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Which retailers do shoppers like most?

February 10, 2015, 12:32 AM UTC
Shoppers On Fifth Avenue Ahead OF Consumer Comfort Figures
A shoppers carries an Abercrombie & Fitch Co. bag while walking on 5th Avenue in New York, U.S., on Tuesday, April 8, 2014. Consumer Comfort figures are scheduled to be released on April 10. Photographer: Craig Warga/Bloomberg via Getty Images
Photograph by Craig Warga — Bloomberg via Getty Images

Is Amazon one of your favorite retailers? If so, you’re hardly alone, according to new survey.

A study published Monday by consulting firm PwC found that 52% of respondents picked Amazon (AMZN) as one of their three top retail choices for 2014. The other two that cropped up most commonly? Wal-Mart (WMT), with 41%, and Target, with 29%.

The findings are good news for Amazon, an e-commerce behemoth that has eaten into the businesses of many of its established bricks and mortar rivals. Amazon’s generally low prices, large selection and free shipping for Prime members serve as a big lure for shoppers.

Other stores to receive top marks included Kohl’s (KSS), Macy’s (M) and eBay (EBAY). This was the first time that PwC combined brick-and-mortar locations with online retailers in a single list.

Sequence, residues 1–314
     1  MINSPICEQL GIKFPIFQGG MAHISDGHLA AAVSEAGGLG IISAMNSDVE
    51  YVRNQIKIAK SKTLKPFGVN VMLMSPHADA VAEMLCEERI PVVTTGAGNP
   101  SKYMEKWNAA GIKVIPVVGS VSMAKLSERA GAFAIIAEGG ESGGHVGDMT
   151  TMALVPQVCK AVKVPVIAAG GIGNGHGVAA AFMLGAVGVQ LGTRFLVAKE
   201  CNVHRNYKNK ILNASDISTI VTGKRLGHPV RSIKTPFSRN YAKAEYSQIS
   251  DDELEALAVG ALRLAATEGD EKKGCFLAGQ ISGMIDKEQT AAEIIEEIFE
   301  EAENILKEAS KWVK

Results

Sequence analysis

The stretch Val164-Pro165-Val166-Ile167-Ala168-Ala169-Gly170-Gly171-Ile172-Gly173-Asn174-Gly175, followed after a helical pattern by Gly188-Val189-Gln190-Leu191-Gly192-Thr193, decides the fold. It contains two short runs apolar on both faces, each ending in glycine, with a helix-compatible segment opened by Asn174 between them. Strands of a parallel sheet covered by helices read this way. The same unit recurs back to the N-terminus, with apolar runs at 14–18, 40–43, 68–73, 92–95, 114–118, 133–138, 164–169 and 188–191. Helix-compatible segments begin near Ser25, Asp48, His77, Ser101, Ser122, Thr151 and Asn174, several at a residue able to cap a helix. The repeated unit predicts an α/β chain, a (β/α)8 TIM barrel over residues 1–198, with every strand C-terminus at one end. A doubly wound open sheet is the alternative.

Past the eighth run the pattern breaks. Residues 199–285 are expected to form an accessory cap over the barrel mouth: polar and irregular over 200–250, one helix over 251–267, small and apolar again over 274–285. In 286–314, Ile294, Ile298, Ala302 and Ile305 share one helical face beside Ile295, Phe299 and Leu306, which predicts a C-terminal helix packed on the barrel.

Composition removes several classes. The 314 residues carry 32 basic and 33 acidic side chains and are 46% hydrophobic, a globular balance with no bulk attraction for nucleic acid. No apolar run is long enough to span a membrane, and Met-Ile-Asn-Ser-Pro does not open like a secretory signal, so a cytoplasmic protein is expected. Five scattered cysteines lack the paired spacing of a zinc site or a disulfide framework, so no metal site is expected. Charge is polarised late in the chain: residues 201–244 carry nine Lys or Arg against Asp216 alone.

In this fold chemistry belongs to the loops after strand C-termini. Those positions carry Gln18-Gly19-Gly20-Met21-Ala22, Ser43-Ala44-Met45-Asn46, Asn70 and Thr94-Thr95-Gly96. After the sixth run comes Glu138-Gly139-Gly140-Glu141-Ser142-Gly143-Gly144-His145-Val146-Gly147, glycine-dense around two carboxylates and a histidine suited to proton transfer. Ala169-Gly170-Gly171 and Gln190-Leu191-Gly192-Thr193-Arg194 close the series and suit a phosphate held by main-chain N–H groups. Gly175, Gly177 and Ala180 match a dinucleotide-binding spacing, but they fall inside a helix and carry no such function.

PwC’s survey is based on responses from nearly 1,000 shoppers in October of last year. People were asked to first consider which stores have the best price followed by which ones had the items they wanted. Respondents listed their top three retailers. PWc did not ask for a single favorite or about retailers they liked the least.

The survey showed that physical stores remain the primary stop for shopping, despite a lot of online browsing. But it also highlighted the prevalence of showrooming, the practice of checking out products in person at a bricks and mortar store but then buying that item online. Sixty-eight percent of respondents said they did so. At the same time, 73% said they ended up making purchases at a physical store rather than online.

Respondents explained the primary reason they still visited stores was that they liked being able to see products in person and buy them immediately without having to pay for shipping. Shoppers’ preference for bricks-and-mortar stores somewhat surprised the survey’s author, who was expected to find a stronger affinity for online retailers.

“For the past several years, the story around retail stores was ‘showrooming,’ in which stores were places to display items for online purchase,” Steven Barr, PwC U.S. retail & consumer practice leader, said in a statement. “However, this year’s survey results reveal that the online shop has also become a showroom where shoppers research and compare prices for later, in-store purchases.”

Only 27% of the respondents said they shop online weekly.